Professor Stephen J Toope, Vice-Chancellor of the University of Cambridge

The Vice-Chancellor, Professor Stephen J Toope, this month gave evidence to The Times Education Commission, which was set up in May 2021 to examine the future of education following the COVID-19 crisis, declining social mobility, advances in technology, and the changing nature of work.

Universities like Cambridge have been challenged by successive governments to reflect wider society by drawing students from all backgrounds.

Professor Stephen J Toope, Vice-Chancellor

Professor Toope’s evidence focused on the higher education sector’s role in raising attainment in schools and sixth-form colleges, widening participation, and exploring different approaches to university examinations and assessment. 

His submission to the inquiry, particularly around widening participation, generated discussion in the media and saw some commentators suggest the University of Cambridge is discriminating against pupils from independent and grammar schools. This suggestion misrepresented the Vice-Chancellor’s comments. Professor Toope's response was published by the Telegraph:

“The University of Cambridge does not and would not discriminate against pupils from any type of school and does not use any quotas when making admissions decisions.

“Universities like Cambridge have been challenged by successive governments to reflect wider society by drawing students from all backgrounds. Unlike our great independent and grammar schools, many comprehensives have no tradition of sending pupils to places like Cambridge with the result that many of their pupils never consider applying. It is those pupils that the country’s leading universities are now trying to reach.

“This does mean that a greater number of applicants from a wider range of backgrounds will be considered for broadly the same number of places. But the most high achieving pupils from independent and grammar schools will still find a welcome at Cambridge, along with those from the comprehensive sector.”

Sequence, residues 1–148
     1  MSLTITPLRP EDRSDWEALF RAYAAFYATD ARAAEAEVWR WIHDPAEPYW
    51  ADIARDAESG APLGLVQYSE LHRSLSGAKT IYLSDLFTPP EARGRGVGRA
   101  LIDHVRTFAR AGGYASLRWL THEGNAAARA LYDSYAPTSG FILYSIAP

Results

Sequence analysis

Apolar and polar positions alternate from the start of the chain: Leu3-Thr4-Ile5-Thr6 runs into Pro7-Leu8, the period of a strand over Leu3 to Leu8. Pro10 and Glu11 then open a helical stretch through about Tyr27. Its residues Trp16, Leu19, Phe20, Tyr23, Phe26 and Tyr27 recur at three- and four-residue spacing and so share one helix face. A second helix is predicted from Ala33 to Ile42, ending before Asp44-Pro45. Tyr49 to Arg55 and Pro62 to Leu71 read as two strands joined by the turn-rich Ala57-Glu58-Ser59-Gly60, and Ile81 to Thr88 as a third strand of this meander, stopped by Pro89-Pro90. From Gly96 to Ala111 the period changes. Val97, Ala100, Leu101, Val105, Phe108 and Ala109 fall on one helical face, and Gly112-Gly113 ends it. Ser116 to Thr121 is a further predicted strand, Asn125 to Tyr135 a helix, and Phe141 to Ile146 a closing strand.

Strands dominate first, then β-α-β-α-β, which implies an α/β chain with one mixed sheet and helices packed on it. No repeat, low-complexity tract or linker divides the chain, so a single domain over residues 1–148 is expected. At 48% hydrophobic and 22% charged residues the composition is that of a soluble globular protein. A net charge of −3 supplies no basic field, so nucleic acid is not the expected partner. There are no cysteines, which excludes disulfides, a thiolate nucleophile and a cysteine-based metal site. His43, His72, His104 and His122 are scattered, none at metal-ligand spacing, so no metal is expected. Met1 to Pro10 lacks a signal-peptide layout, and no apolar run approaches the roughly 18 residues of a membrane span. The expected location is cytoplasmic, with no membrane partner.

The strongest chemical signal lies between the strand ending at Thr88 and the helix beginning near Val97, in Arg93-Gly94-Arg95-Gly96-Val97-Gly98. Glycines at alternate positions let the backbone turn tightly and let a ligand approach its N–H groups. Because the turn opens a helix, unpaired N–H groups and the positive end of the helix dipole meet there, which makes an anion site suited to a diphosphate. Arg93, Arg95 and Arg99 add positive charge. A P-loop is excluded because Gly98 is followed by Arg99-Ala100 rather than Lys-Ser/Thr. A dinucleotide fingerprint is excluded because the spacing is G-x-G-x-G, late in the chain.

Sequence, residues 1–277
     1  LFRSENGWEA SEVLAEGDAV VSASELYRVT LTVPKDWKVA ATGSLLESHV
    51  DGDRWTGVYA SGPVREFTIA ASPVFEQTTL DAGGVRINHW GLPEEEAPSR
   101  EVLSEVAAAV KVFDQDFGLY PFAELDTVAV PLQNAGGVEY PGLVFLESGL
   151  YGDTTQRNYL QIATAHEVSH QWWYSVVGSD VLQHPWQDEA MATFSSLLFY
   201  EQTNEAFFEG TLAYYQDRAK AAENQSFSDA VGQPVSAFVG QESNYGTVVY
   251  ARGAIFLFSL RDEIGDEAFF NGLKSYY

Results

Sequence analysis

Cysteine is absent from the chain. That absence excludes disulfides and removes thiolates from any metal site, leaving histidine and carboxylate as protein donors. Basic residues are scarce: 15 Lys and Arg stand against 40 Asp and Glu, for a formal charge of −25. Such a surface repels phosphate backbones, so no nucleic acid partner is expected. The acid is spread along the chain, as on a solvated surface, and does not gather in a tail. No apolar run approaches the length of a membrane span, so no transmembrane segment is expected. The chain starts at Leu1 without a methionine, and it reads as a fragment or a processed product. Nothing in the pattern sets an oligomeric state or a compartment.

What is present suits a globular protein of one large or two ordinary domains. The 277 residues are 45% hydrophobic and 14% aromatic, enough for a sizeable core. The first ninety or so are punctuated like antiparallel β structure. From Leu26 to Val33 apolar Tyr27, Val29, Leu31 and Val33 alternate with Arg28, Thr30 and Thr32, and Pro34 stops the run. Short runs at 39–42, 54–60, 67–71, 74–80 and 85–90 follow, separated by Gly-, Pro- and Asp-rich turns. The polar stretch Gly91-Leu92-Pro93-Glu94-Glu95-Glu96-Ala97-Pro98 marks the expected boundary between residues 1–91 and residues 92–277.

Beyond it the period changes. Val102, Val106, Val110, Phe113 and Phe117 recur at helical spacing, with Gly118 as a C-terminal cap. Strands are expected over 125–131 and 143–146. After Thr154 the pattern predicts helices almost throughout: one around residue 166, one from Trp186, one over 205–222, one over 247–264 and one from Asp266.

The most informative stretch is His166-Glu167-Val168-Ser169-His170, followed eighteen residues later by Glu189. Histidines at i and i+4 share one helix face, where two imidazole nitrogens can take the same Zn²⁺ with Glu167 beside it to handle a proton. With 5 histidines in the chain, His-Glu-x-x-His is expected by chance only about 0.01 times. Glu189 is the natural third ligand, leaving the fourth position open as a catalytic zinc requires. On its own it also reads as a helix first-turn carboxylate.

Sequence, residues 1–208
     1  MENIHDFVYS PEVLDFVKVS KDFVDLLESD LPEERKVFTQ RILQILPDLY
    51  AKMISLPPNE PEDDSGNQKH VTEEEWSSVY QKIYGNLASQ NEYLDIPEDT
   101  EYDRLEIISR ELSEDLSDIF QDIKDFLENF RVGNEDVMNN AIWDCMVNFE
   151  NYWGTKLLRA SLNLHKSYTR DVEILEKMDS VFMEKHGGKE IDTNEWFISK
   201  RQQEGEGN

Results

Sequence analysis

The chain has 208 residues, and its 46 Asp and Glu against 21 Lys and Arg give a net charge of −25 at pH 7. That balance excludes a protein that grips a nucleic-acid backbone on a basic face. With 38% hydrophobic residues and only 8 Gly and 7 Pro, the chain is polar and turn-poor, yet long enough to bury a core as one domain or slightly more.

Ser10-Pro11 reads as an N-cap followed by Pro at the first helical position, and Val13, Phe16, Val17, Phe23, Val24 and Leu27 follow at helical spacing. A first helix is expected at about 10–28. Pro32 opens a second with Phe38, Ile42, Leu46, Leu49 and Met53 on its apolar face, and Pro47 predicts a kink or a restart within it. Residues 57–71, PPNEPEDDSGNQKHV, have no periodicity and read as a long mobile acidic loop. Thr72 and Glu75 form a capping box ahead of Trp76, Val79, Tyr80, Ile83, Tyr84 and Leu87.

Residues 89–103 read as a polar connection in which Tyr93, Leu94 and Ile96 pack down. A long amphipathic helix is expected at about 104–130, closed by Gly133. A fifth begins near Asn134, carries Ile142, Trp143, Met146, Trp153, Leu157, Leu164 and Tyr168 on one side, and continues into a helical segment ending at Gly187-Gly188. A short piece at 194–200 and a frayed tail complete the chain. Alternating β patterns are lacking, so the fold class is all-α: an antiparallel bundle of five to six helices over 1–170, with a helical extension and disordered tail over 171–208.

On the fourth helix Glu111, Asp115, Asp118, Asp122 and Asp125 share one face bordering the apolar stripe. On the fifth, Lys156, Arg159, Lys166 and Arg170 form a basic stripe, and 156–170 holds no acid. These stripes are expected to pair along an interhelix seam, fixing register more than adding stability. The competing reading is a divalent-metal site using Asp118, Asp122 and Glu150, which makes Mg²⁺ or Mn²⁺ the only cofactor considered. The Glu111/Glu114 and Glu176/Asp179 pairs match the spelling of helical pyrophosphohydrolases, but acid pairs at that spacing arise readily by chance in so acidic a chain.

During his submission to the inquiry, the Vice-Chancellor focused on the work universities are doing to share best practice to raise attainment and aspirations in schools.

Professor Toope cited the University’s recently launched Cambridge Foundation Year and STEM SMART programmes as examples of how Cambridge is working to reach talented but educationally disadvantaged students who might not otherwise consider applying to Cambridge, or other top universities. He also highlighted the huge success of more established Cambridge outreach programmes like NRICH and Isaac Physics, as well as Cambridge’s pioneering efforts to widen participation in postgraduate education - including a collaboration with colleagues at Oxford, using a grant from the Office for Students, to develop new admissions practices and systems to help transform selection processes.

New approaches to assessment at Cambridge were also discussed by Professor Toope. The University of Cambridge has world-leading pedagogical expertise and all decisions are based on delivering the most effective examinations. Along with other universities, some of our examinations - where the primary aim is to assess a student’s analytical, critical and problem solving skills - are now 'open book' and completed online. When detailed knowledge retention or mathematical skills are being tested, we continue to use the traditional format of in-person exams. We are in the first year of a three-year trial and data from ongoing evaluation will ensure standards remain as high as they always have been.

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